1 Moral Twin Earth: The Intuitive Argument Terence Horgan and Mark Timmons have recently published a series of articles where they attack the new moral realism as developed by Richard Boyd. 1 The new moral realism rests on semantics that uses some of the main ideas of the causal theory of names, especially the idea that kind terms have a natural or a synthetic definition, such as water is H 2 O. By arguing that moral semantics can provide us with synthetic definitions of moral terms it appears that the moral realist has just the tools she needs for naturalistic accommodations of moral realism. For example, the availability of synthetic definitions would help moral realists rebut Moore s open question argument in a fairly straightforward way. Against this Horgan and Timmons have argued that our intuitions about the semantics of non-moral language and moral language differ, and that while twin-earth semantic intuitions generate one result in Putnam s twater case, moral twin-earth fails to generate comparable results for moral terms. 2 Horgan and Timmons conclude from this that the semantic norms governing the use of natural kind terms differ from the semantic norms governing the use of moral terms. I will argue that Horgan and Timmons intuitive moral twin-earth argument fails to derail the new moral realism. Further, I will discuss Boyd s semantic theory and raise problems for it that do not rely on the use of moral twin-earth.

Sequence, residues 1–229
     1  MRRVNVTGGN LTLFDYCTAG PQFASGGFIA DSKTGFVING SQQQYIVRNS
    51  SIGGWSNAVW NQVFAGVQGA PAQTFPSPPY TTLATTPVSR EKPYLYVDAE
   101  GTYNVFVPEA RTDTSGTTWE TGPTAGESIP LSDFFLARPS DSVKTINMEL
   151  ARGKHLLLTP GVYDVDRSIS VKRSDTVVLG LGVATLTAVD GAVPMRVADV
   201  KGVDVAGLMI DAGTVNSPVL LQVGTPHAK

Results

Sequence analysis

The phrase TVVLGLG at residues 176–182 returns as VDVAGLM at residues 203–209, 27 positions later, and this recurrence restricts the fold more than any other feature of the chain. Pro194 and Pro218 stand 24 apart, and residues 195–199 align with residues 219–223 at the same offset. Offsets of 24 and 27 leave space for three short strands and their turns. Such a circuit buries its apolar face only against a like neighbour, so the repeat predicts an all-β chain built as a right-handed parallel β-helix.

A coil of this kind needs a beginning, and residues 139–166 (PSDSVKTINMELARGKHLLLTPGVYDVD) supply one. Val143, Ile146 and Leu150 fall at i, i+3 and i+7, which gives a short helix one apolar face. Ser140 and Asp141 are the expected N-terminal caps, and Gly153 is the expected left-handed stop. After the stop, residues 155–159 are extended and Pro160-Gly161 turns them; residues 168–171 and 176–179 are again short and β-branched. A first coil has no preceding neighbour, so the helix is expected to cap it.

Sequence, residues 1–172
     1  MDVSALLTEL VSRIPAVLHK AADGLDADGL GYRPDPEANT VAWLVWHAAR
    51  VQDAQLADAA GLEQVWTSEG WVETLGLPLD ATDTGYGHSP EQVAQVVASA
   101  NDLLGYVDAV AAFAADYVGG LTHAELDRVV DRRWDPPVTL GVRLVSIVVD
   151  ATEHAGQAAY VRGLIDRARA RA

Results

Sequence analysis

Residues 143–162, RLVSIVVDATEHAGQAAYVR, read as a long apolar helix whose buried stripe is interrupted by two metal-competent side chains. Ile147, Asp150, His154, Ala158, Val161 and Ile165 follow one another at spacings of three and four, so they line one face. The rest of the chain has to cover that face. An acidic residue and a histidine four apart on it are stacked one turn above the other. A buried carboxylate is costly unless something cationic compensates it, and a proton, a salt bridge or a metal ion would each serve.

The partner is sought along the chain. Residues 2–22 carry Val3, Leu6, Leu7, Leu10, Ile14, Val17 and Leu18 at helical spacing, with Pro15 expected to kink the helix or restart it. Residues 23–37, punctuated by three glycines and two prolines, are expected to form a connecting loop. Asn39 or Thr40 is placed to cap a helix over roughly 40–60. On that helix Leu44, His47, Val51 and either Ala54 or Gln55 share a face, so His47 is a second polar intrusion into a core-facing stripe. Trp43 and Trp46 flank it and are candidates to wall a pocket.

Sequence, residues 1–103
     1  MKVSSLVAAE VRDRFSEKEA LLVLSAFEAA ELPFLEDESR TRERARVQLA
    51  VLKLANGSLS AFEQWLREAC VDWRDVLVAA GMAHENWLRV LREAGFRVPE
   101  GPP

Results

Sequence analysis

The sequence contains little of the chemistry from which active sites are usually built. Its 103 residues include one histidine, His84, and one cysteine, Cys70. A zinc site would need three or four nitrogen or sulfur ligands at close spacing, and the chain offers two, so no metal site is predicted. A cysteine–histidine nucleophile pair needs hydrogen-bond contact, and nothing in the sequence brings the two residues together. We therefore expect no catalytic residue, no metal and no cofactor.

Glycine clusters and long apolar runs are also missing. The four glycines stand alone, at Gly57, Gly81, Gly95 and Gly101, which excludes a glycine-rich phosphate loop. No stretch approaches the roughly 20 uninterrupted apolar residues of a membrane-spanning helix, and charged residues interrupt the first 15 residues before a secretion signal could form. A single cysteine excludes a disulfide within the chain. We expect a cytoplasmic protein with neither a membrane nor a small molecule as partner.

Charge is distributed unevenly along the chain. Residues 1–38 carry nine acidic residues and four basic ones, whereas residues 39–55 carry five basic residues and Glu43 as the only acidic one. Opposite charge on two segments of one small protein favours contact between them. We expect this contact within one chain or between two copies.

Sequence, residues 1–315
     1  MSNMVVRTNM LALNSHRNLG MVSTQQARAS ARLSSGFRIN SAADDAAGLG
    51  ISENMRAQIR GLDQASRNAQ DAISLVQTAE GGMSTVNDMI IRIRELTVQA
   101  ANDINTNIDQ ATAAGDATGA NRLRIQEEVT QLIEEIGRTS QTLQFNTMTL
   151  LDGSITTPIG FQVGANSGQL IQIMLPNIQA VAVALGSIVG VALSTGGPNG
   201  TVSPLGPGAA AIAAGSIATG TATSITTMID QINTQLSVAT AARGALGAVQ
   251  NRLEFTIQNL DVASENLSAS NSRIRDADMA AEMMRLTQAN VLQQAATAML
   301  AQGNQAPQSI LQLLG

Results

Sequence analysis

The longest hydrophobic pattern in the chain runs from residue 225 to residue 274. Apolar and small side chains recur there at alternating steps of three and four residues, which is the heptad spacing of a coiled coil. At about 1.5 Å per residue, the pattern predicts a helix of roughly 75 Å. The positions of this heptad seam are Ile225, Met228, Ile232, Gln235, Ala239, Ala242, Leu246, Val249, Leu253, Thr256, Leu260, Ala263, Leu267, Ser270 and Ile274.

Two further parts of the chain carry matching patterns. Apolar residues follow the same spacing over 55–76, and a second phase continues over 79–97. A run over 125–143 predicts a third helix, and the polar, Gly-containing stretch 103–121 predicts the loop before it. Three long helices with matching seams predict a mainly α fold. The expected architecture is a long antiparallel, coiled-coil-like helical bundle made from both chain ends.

2 2 Moral semantics. The developments in philosophy of language since the 1970 s have made possible a new wave of moral realism. Boyd s semantics for moral terms which underlies his moral realism rests on three main strands. First, he maintains that moral terms like good have a synthetic definition. With that he implies that just as water is not synonymous with some phrase that denotes a natural property, good is not synonymous with some phrase that denotes a natural property. Second, he closely follows the lead of the causal theory of reference when claiming that moral terms behave like natural kind terms. Since natural kind terms designate the same substances or properties in all possible worlds in which those substances or properties exist and so are rigid designators, moral terms are rigid designators according to Boyd. Boyd s third strand introduces a new wrinkle to causal theories of reference. While he holds that reference is a matter of there being certain causal connections between the use of moral terms and the relevant natural properties, Boyd s causal theory of names differs from the standard one as developed by Kripke and Putnam. The standard view doesn t say much about how a causal chain is transmitted, but the general view is that once the reference of a name has been fixed then it retains its reference as long as its user intends it to refer to the same object/kind as it did when she acquired the name. For example, once the reference of water has been fixed, water refers to water in all possible worlds, and whenever I use the term water intending the term to have its customary reference it refers to water. But Boyd s account of reference introduces a different account of a causal connection. According to Boyd reference is essentially an epistemic notion and so the relevant causal relations constituting reference are those causal connections involved in knowledge-gathering activities. Horgan and Timmons formulate Boyd s view as follows: